There are some things to keep in mind while you are collecting your sap and trying to get enough to make syrup. I think we all know that it takes about 40 gallons of sap to make around 1 gallon of syrup. Obviously that doesn't mean you have to wait to collect all 40 gallons before you can start cooking it but you should have at least 10 to 15 gallons to give you an end result that your not disappointed in. As the days go on and you check your buckets/sacs you'll see that the sap will flow from a single drip to almost a "flow" as time goes on. While you are collecting your sap you want to make sure it's kept cold. That won't be hard if the nights are still cold and you leave it outside, covered. You just don't want to allow it to get warm because it can go "sour" fairly quickly. When you get to around 10 to 15 gallons or so start cookin'! I like to separate the sap into several pots so it cooks down faster. Another good tip is using large, wide pots. It's all about surface area people. The more surface area you have to work with the quicker it will steam off and reduce. When your 10 or 15 gallons reduces to 1 gallon then you can manage it a little better in the house. Once the sugar content begins to develop you have to be careful not to cook it too hard. If you do it could scorch or get darker than it should. One thing I like to do with the final gallon is to put it in the crock pot with the lid off and allow it to reduce very slowly either over night or even longer. I'm in no rush! As long as it takes is as long as I'll take it. So how do you know when it's done? It's easy but you need an accurate thermometer. You should know that depending on your elevation (for all you mountain folk) water boils at different temperatures. The higher the elevation the lower the boiling point. So you should check your boiling water with a thermometer where you are making your syrup. Once you have that reading your maple syrup should be done when it reaches a temperature that's 7.1F higher than the boiling point. For people like me at not much higher than sea level it will be 219.1F. When you've reached that you've hit the mark and have a "syrup" ready to use or even can.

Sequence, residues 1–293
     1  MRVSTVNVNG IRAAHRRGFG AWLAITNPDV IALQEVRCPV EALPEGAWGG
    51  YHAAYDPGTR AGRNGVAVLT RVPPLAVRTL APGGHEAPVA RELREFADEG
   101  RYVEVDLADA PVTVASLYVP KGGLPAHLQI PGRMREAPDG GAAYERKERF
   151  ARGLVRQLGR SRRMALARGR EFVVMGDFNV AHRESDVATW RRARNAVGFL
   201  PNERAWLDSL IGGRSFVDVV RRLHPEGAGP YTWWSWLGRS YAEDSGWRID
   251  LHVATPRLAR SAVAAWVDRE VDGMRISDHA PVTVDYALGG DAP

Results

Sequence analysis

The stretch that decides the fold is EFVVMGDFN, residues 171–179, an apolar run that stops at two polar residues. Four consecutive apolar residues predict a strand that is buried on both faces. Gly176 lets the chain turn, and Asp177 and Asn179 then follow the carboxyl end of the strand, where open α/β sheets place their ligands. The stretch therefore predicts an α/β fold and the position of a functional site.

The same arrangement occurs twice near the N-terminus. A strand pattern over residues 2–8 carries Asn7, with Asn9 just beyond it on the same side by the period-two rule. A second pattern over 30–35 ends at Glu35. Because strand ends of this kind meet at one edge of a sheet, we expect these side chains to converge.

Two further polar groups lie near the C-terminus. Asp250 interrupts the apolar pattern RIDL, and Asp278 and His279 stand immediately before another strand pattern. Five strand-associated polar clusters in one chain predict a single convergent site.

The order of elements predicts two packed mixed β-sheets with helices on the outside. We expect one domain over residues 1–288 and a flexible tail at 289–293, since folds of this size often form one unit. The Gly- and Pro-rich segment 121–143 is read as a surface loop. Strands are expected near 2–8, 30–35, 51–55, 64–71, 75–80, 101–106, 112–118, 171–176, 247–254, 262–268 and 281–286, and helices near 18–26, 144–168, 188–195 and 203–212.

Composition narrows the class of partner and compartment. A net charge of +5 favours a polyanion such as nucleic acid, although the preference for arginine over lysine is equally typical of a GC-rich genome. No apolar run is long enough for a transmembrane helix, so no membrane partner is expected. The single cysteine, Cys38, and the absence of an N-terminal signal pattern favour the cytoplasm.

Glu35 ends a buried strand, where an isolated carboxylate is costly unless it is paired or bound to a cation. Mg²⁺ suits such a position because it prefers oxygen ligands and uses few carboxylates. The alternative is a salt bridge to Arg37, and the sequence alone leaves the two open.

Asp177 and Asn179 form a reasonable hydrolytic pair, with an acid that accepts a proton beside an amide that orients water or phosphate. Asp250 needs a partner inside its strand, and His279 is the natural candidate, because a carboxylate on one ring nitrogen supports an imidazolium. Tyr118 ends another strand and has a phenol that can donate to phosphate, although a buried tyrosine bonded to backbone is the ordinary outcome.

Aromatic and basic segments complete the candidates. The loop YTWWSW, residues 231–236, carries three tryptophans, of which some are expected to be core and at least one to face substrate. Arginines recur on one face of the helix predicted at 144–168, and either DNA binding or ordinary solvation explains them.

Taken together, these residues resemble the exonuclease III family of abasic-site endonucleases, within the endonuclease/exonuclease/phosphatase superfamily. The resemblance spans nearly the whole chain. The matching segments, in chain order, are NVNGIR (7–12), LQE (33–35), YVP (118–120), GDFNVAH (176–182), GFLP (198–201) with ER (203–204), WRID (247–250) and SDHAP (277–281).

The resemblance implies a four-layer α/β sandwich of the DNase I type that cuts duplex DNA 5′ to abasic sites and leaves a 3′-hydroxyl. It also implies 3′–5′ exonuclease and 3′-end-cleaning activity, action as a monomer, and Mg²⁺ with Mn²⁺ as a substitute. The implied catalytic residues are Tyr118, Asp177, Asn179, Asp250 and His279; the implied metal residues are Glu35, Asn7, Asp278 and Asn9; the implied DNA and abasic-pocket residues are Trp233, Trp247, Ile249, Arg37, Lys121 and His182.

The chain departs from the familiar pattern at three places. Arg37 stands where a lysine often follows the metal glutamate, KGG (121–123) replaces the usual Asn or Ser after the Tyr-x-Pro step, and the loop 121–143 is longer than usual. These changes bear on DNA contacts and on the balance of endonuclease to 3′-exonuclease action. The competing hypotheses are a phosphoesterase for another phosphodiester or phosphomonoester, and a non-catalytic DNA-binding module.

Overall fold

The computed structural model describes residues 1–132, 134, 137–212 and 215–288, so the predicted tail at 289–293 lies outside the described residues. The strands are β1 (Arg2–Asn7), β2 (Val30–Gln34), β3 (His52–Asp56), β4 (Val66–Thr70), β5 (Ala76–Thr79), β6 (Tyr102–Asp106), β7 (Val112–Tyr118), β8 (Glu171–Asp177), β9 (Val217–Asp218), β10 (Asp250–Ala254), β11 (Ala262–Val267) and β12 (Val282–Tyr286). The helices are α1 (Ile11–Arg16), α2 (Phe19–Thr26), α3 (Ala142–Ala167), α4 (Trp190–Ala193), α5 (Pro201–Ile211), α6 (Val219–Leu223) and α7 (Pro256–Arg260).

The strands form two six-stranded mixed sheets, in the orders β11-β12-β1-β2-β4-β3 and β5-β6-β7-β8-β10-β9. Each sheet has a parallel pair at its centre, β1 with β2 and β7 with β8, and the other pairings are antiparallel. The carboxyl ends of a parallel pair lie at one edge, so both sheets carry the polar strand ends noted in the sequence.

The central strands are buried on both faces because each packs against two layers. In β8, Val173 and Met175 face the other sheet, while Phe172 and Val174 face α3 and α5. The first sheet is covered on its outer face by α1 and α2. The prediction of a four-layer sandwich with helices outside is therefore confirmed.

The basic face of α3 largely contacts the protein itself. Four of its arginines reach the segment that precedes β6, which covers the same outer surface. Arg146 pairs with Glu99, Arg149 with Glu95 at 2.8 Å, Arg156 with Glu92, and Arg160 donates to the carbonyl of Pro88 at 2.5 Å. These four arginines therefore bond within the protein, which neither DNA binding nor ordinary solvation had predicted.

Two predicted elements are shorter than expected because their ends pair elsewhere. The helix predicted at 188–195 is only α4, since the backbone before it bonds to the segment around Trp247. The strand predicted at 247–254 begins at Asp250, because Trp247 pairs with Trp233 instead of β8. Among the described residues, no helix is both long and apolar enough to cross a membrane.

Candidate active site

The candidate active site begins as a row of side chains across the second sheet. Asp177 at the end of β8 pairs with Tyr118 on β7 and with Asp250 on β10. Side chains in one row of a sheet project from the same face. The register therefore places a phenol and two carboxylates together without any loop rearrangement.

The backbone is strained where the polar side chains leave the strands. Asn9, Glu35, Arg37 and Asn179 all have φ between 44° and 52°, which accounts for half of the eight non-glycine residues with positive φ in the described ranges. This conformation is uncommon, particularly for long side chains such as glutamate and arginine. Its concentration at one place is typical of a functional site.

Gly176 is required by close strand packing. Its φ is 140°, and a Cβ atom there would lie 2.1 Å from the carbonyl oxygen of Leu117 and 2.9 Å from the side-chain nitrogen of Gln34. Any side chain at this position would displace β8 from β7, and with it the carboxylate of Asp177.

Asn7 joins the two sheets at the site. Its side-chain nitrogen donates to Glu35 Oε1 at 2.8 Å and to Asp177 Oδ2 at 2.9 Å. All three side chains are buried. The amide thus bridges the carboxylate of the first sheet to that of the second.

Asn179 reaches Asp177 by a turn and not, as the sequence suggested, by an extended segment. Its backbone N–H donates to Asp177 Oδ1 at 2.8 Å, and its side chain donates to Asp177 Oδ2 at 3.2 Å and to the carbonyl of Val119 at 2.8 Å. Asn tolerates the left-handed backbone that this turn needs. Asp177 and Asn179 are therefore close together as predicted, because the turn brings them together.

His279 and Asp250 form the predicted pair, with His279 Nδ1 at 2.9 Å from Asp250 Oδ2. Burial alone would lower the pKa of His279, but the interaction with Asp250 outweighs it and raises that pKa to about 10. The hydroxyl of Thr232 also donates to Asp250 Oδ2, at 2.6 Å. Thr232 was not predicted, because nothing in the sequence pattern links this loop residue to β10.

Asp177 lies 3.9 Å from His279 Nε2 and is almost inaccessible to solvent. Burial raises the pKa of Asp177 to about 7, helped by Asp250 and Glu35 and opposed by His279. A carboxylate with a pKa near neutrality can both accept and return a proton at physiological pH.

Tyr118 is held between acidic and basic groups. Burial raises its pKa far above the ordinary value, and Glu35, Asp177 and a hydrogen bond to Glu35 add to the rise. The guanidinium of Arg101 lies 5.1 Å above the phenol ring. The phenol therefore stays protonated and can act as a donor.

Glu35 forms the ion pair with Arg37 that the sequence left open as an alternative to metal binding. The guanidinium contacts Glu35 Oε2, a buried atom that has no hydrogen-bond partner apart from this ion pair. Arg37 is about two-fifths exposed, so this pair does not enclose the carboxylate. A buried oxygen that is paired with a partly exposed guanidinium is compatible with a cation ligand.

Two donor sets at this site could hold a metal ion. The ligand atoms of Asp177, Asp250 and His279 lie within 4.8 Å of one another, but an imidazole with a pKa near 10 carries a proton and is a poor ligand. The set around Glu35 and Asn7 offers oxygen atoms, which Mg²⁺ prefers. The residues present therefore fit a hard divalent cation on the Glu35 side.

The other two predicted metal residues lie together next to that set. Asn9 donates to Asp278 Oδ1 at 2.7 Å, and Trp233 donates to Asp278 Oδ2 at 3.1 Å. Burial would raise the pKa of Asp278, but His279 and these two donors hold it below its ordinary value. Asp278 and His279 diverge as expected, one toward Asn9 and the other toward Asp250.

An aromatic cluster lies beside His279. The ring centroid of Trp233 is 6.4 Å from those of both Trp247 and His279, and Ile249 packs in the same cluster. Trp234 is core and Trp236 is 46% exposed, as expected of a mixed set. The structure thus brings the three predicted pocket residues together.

There are some details that I have failed to mention for the sake of getting confusing and, quite frankly, long winded. I just wrote the basics that I follow and then it's up to you to enjoy the learning process on your own. I like a little direction and then I find the rest of the way myself. If you would like to know a more in depth description here is a link to the Ohio Sate University Extension program.

Believe me when I say anyone can make there own maple syrup. It is a very rewarding accomplishment and gives you the sense that you have gained a skill as well as maybe even built up a little more confidence. Little projects like this bring me back to a time when this was the process of how you got things in life. There were no mega-grocery stores to just have your pickings from. You knew where the tree was, how to collect sap and did what you had to do if you wanted maple syrup. The word appreciation comes to mind when you think of the process good things in life take and if you do it yourself your will certainly appreciate that maple syrup a lot more when you made it yourself than if you bought it in the store...and it will probably taste better too!

Tuesday, January 26, 2010

First Blog First Post! Part 2

O.K. I feel that I'm a very seasonal cook and find more inspiration with finding ingredients through farmers markets and foraging than any other way. You will eventually see that I am also one of those cooks that has got to find a way to do things himself no matter how difficult the task, and always on a shoestrink budget. As soon as I can hang another ham, I want to do that again. I just built my own chicken coop so I could have eggs that are fresh from the chickens ass. Thge more interesting things I come across the deeper I have to dive and figure out how I can do that myself. That's where the big learning comes in. I've carried on with my side bar a little too long. May I digress back to my dinner party.